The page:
New York Federal Judge Approves Class Action Status In Emergency Preparedness Lawsuit

New York, New York – November 8, 2012 – Late yesterday, a New York Federal Judge granted class action status to a lawsuit that challenges New York City’s failure to address the needs of people with disabilities in its planning for large scale disasters. The lawsuit, which has been pending since September 26, 2011, alleges that the City does not effectively account for 900,000 New Yorkers with disabilities in its planning for major disasters, which puts all people with disabilities – including seniors, veterans and children with disabilities – at mortal risk during emergencies, like Hurricane Sandy.

The Court’s ruling is extremely timely coming so closely in the wake of Sandy. Advocates and lawyers involved in the lawsuit have announced that in the hours leading up to and after Sandy struck New York, people with disabilities were directly confronted with the City’s lack of disaster planning for this population. The City failed men, women and children with disabilities on a number of fronts, including:

  • Evacuation: The City fails to have a clear evacuation plan for people with disabilities and accessible transportation to get them to safe areas. For example, Access-A-Ride, New York City’s paratransit system for people with disabilities, was shut down for outbound trips a full seven hours before the rest of New York’s public transportation system. Its shutdown was almost simultaneous with the City’s evacuation order, eliminating an important transportation option for many people.

  • Shelter: The City fails to ensure that the designated shelters are accessible to people with disabilities.  The City also makes no arrangement to provide this large group of New Yorkers with critical disability related supplies.

  • Power Outages: The City fails to plan for how they will evacuate persons who need power to survive, or who simply cannot use the stairs in a widespread, and long lasting, power outage.  For example, the City did not provide direction to people who rely on electricity for life sustaining equipment even during Hurricane Sandy, when it was highly likely that a power outage would occur. It also failed to provide guidance or assistance to people in multi-story buildings who would be stranded by elevator stoppages.

The Court will be asked to rule on the merits of the case, as the case is set to go to trial on March 11, 2013.  The class of more than 900,000 members is composed of all people with disabilities in the City, including people with sensory, mobility, cognitive and mental health disabilities. The class is represented by Disability Rights Advocates (DRA), a non-profit law center with offices in California and New York City, which specializes in civil rights cases on behalf of persons with disabilities and Sheppard Mullin Richter & Hampton LLP.  The Plaintiffs are people with disabilities and disability organizations who charge that the City has failed in its obligation to plan for this population.  The named plaintiffs are Brooklyn Center for Independence of the Disabled (BCID), Center for Independence of the Disabled, New York (CIDNY), Gregory D. Bell and Tania Morales.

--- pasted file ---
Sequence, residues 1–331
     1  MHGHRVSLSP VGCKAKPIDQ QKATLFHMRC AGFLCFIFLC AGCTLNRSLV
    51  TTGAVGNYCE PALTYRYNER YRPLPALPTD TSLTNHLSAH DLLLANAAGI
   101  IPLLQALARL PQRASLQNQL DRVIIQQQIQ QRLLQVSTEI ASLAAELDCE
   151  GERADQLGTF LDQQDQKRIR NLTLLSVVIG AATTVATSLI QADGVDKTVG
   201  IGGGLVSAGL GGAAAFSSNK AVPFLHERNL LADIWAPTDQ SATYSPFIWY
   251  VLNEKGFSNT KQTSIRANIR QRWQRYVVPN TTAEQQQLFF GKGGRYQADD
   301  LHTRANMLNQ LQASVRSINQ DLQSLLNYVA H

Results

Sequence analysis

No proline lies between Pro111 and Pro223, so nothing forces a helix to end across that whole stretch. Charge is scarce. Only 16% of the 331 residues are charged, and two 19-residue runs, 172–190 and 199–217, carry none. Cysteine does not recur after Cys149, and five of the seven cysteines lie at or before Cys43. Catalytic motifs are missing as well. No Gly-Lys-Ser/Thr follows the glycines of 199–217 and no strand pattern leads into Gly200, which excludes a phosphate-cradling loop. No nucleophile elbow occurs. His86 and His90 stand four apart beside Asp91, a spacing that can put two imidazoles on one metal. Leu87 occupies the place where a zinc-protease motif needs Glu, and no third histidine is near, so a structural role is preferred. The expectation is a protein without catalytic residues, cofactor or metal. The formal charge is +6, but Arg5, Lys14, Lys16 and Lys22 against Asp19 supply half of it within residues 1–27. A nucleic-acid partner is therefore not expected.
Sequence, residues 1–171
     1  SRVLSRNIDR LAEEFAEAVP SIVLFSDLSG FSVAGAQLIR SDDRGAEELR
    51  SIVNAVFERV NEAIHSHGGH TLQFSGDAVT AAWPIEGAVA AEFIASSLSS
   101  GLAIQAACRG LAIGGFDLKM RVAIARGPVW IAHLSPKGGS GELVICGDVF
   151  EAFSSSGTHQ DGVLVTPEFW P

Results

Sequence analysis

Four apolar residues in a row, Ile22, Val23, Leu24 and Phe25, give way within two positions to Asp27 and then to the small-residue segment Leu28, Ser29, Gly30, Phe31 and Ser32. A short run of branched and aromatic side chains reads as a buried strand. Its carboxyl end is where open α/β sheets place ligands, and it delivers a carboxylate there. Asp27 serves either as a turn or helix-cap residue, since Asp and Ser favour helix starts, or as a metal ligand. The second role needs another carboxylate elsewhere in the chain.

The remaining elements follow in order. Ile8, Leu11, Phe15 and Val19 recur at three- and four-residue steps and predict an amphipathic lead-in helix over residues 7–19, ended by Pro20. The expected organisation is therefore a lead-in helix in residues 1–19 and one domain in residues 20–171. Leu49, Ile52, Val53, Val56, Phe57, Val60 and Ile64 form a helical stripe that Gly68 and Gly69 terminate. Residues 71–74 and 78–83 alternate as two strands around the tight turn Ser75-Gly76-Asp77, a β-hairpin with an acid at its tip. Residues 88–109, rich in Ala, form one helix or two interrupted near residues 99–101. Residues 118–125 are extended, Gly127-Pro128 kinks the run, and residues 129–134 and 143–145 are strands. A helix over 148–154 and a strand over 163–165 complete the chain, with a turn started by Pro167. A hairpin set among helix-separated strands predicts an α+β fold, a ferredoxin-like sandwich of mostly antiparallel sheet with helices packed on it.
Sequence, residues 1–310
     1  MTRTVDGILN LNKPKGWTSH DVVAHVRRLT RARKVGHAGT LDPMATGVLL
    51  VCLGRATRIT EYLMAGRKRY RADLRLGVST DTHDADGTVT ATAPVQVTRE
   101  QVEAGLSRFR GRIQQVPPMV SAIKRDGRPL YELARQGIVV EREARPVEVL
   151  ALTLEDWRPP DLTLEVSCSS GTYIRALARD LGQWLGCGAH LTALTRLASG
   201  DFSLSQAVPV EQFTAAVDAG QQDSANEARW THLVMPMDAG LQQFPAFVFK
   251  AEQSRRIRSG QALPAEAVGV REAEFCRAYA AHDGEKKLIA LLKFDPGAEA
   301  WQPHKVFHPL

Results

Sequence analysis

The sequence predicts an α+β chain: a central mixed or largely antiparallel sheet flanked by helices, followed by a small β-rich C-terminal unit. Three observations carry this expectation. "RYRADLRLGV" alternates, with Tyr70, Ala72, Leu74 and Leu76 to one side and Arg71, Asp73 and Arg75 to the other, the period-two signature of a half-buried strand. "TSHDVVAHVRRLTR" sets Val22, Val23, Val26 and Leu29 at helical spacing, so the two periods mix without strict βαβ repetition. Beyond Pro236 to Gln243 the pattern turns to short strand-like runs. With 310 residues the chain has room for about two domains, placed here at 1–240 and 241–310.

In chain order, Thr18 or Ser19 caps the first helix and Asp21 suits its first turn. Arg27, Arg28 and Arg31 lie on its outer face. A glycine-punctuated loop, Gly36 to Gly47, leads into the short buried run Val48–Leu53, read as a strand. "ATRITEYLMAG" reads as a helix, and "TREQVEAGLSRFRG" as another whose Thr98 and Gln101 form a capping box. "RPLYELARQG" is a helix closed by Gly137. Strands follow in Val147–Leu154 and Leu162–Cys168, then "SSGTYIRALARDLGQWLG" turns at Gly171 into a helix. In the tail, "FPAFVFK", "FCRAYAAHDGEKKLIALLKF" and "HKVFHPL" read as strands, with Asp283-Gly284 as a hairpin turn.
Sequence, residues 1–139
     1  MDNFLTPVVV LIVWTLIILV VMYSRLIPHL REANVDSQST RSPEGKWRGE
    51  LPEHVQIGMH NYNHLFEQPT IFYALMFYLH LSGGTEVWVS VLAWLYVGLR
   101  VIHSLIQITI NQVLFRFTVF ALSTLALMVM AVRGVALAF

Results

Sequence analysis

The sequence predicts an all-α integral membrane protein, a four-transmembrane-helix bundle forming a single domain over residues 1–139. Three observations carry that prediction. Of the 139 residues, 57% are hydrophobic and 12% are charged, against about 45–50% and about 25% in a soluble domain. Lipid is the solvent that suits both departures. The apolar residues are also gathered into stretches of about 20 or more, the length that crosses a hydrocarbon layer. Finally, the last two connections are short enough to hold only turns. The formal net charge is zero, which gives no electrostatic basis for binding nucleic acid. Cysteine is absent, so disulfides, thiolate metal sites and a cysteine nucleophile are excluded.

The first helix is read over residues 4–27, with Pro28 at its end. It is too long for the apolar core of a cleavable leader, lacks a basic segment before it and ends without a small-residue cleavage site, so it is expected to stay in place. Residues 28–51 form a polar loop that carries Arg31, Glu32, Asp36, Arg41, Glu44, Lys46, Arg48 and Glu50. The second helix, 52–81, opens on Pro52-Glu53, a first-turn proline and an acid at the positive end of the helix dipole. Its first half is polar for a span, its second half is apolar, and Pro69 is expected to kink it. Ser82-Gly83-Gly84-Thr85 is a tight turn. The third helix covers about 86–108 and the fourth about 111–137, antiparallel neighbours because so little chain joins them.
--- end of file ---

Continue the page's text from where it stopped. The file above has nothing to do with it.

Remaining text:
Susan Dooha, Executive Director of the Center for the Independence of the Disabled, New York (CIDNY), one of the organizational Plaintiffs in the suit, commented: “We’ve been warning the City for years that it is woefully unprepared for the needs of people with disabilities during an emergency. The City’s response during Sandy demonstrated again – a year after Hurricane Irene – that major problems still exist. And this is what happens when the City has days of warning. We can’t wait for people with disabilities to get hurt or die to see change. We and our fellow plaintiffs in this case represent New Yorkers with disabilities who need change now.”

Jean Ryan, a New Yorker with a disability who uses a wheelchair, expresses feelings shared among many New Yorkers with disabilities. Ms. Ryan said: “I’m afraid I might die in an emergency because I won’t get the emergency assistance I require.”

Shawna Parks, Counsel for Plaintiffs and Co-Director of Litigation at Disability Rights Advocates (DRA), commented: “The kind of planning and response we have seen from the City on this issue cannot stand. To see failures like we did during Sandy – on the eve of a trial on this very issue no less – shows that there are dramatic and fundamental failings in the City’s emergency plans for people with disabilities. We would love to sit down with the City and fix these problems. Otherwise, we plan to go to trial and get a legal ruling that the City must fix it.”

Disability Rights Advocates (DRA) is a leading expert in the field of emergency planning for people with disabilities and has experience working with multiple cities of various sizes to develop emergency plans that incorporate the unique needs of people with disabilities. DRA recently secured a landmark federal court decision, which required the City of Los Angeles to include people with disabilities in its emergency plans. As a result of the ruling, more than 800,000 Los Angelenos with disabilities will now be included in the City’s emergency planning.           


Shawna Parks, DRA Attorney, (212) 644-8644 or (310) 866-7531,

Julia Pinover, DRA Attorney, (212) 644-8644,     

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